If I have a complaint about this book is that it could easily have been two or three books, and quite apart from making it rather long it does, at times, seem a slightly jumbled collection – perhaps based on stories he has written for the press over the years. Although I felt that perhaps he overstates the extent of the problems, Friedman states the case and offers solutions, and examples of where some of them appear to be working. Whether he will succeed in getting the world to slow down, to allow itself to be late from time to time, remains to be seen.
WHAT is this life if, full of care,
We have no time to stand and stare?—
No time to stand beneath the boughs,
And stare as long as sheep and cows:
No time to see, when woods we pass,
Where squirrels hide their nuts in grass:
Like such early events it is a poem, though not Earth-shatteringly brilliant that has stayed with me my whole life and I have taken comfort in it when the stress of daily life has made me forgot that I have my own personalise pause button that I am at liberty to press at any time.
Now I am getting on and have all the leisure time I need I still discover the need to reapply said button and take time out to just sit and look, especially if I am outside where the world's tumultuous and apparently unending chaos impinges on my every day meditations.
Thomas Friedman's mighty tome is a wake up call to look at the speed the technological age into which we have all entered, whether we want to or not, and to realise that though we do basically need to buy into it if we are to survive at all we can still remember Davies's poem and wherever we chance to be in this ever spinning universe, take the time to be still.
The data and informed research in the book is laudable written by a man who has much on his mind; perhaps he has the time, that we mere mortals do not, to read, examine, collate and reference ~ it is ,after all his job ~ and then lead us, readers to go where he has been.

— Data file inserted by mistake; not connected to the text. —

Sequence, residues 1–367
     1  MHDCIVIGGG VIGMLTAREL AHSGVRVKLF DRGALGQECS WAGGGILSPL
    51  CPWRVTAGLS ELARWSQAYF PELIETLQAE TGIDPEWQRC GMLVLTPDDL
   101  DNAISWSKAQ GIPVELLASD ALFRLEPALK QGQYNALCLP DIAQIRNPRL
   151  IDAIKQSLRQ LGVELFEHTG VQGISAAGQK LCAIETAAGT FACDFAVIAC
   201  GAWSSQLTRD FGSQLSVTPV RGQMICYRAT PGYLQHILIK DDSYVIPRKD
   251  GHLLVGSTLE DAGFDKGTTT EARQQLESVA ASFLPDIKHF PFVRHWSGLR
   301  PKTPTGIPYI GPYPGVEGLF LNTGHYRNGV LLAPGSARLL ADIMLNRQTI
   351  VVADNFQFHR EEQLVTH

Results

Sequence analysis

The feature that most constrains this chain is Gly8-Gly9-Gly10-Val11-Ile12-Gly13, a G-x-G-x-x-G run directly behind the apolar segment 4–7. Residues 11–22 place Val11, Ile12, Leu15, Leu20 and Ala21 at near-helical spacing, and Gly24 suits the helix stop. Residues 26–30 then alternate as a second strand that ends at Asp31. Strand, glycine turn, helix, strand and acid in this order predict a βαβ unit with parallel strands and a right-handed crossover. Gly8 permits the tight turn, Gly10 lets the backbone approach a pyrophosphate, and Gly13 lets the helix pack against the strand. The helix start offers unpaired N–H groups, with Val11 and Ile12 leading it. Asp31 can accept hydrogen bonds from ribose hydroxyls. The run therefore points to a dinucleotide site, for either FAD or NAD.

This is a book that requires a great deal of reading so take some time out and realise that your tardiness need no longer be an excuse
I feel like a bluebottle in a sugar bowl, being lead from one sweet thing to another, with an endless supply ever before me. This is good writing and it engages my brain as well as my sweet tooth.
Starting with a look at Moore's law, the author talks about what he sees as the key forces that are shaping our world in and around 2016. He quotes Joni Mitchell's famous line 'they paved paradise and put up a parking lot' to help make his point regarding climate change. He also takes us for a look at the issues of intelligent assistants and he also offers a really interesting read in his chapter 'is God in cyberspace?'
Without giving too much away, this is a really good read which will stretch your thinking; it allows you to disagree, but you will not want to do so strongly, as you will not want to be rude to this endearing author. Will this book change the world? - maybe not, but it will convince you that you are on the right track to understand the problems and maybe start a change from that.